The Irish government's report on Bloody Sunday claims the Widgery Tribunal's investigation of the shooting dead by British Army soldiers of 14 civilians on 30 January 1972 ignored vital evidence, accepted doctored testimony, and drew "incredible and unsustainable" conclusions.
The 178-page Irish report, prepared by senior civil servants in the Department of the Taoiseach and Foreign Affairs, handed to London last June and published last night, gives a detailed assessment of new medical, ballistic and eye-witness detail not previously published.
A critical issue in the Irish analysis is whether army snipers were firing from Derry's city walls, not admitted by the Army or tackled in the 1972 report by Chief Justice Lord Widgery, who died in 1981.
Dublin's study examines medical evidence on victims' gunshot wounds inflicted with 45 degree downward trajectories showing three victims were shot as a result of Army fire from the walls.
Taken with a November 1996 statement from Dr Raymond McClean, who attended the wounded and later wrote a book about his experience, this clearly points to one victim, William Nash, being killed from shots from the walls, the report says.
Dr McLean's 1996 statement is held to be new in the way it combines medical evidence with the eyewitness accounts of shots from above. The report says this evidence contradicts Widgery's findings and claims he "disregarded or failed to explore" evidence from an assistant state pathologist. It says medical evidence from the bodies of three victims, Nash, McDaid and Young, appears to correspond with that.
New ballistics evidence in the report indicates that impact marks provide corroborating evidence that high-velocity gunfire did come from the city walls.
This emerges from a report compiled by an independent ballistics expert Robert Breglio, who spent 25 years in the New York police ballistics squad. Mr Breglio also presented two medical reports highlighting the similarity of the trajectory lines through the bodies of Nash, McDaid and Young, suggesting they were shot from above the same position.
Official British medical records on the Bloody Sunday dead and wounded are being withheld from the public until the year 2047. Mr Breglio called this "incomprehensible", adding that in 44 years working in the field he had never before been denied reports necessary to complete investigations.
Failing to call expert medical evidence and ignoring ballistic data meant Widgery missed the fact that they corroborated eye-witness accounts which the same tribunal also ignored.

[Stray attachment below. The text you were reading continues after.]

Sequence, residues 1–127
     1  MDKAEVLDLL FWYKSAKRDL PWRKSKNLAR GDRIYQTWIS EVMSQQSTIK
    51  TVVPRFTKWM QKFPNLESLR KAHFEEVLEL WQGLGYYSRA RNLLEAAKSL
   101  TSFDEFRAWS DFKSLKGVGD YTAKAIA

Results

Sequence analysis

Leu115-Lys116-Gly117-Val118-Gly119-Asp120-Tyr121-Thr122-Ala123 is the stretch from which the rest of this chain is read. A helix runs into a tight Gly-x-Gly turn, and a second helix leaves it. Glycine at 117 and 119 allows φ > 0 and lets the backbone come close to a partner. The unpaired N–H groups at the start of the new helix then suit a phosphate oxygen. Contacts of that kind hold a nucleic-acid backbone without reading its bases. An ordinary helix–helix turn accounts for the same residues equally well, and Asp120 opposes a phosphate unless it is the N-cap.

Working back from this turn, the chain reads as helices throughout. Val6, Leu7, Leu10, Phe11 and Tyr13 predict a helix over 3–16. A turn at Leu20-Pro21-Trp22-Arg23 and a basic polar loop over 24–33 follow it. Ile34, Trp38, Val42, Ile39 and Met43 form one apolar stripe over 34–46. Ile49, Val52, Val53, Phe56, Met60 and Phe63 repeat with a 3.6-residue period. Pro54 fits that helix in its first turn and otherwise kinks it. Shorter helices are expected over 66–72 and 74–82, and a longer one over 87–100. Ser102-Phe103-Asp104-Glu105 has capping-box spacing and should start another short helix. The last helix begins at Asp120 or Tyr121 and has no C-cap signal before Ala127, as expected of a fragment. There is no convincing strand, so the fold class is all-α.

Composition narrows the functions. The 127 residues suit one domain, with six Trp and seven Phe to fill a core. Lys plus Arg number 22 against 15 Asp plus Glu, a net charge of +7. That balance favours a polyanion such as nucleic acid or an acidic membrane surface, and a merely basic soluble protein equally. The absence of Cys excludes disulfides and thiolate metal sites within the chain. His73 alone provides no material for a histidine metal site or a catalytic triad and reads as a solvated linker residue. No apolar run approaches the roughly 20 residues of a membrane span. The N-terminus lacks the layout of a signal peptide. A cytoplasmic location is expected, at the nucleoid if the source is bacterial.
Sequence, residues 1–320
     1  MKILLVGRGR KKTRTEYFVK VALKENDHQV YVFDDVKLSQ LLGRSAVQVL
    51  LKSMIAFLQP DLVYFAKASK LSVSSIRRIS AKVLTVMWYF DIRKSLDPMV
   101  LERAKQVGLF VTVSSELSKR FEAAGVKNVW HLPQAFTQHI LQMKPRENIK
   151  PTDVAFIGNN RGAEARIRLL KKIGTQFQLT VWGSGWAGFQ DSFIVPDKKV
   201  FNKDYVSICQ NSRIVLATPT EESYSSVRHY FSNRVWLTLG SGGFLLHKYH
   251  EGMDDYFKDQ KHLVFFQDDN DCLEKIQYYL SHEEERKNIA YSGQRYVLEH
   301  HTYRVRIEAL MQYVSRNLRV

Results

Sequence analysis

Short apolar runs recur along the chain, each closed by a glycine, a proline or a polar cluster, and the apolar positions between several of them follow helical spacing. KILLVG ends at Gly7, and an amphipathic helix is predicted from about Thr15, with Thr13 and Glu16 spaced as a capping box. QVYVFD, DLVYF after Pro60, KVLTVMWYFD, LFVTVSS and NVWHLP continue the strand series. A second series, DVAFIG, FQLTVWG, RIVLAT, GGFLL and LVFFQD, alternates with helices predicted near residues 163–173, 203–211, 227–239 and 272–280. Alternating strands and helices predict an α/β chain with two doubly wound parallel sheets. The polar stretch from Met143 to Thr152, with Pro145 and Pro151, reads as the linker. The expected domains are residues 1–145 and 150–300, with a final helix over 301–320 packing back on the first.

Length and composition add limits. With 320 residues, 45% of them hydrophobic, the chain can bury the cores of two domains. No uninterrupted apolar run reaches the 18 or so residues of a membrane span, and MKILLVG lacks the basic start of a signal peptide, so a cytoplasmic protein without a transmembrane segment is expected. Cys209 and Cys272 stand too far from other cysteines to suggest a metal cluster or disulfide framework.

Dublin last year gathered an additional 101 eye-witness accounts, several confirming fire coming from the vicinity of the city walls and testify to the brutality of soldiers' behaviour.They also include descriptions of youths being shot while holding their hands up, while lying on the ground wounded, and of shots being fired towards those trying to attend them.
In a damning passage, the Irish assessment says "the possibility of implicated soldiers lying, so cavalierly dismissed, was ... self-evident from the testimony of civilian witnesses, from the pattern of discrepancies and alternations in the written statements of soldiers and from the sheer inability to match the claims the soldiers had made to the facts as they were known."
Widgery claimed soldiers were looking for and firing at gunmen, and held that two victims were armed, one had been armed earlier, and two more victims were killed while standing close to gunmen who had fired. The report concludes that there was "no credible evidence to support any of these findings".
On Widgery's claims that a mini-arsenal of weapons had been deployed against the soldiers, none of which was ever recovered as evidence, the report observes "the scenario he proposed can only be considered incredible and unsustainable".
"No weapons were recovered from the dead, the wounded or arrested," it says. The army did not come under fire and there was no engagement with assailants."Reuse content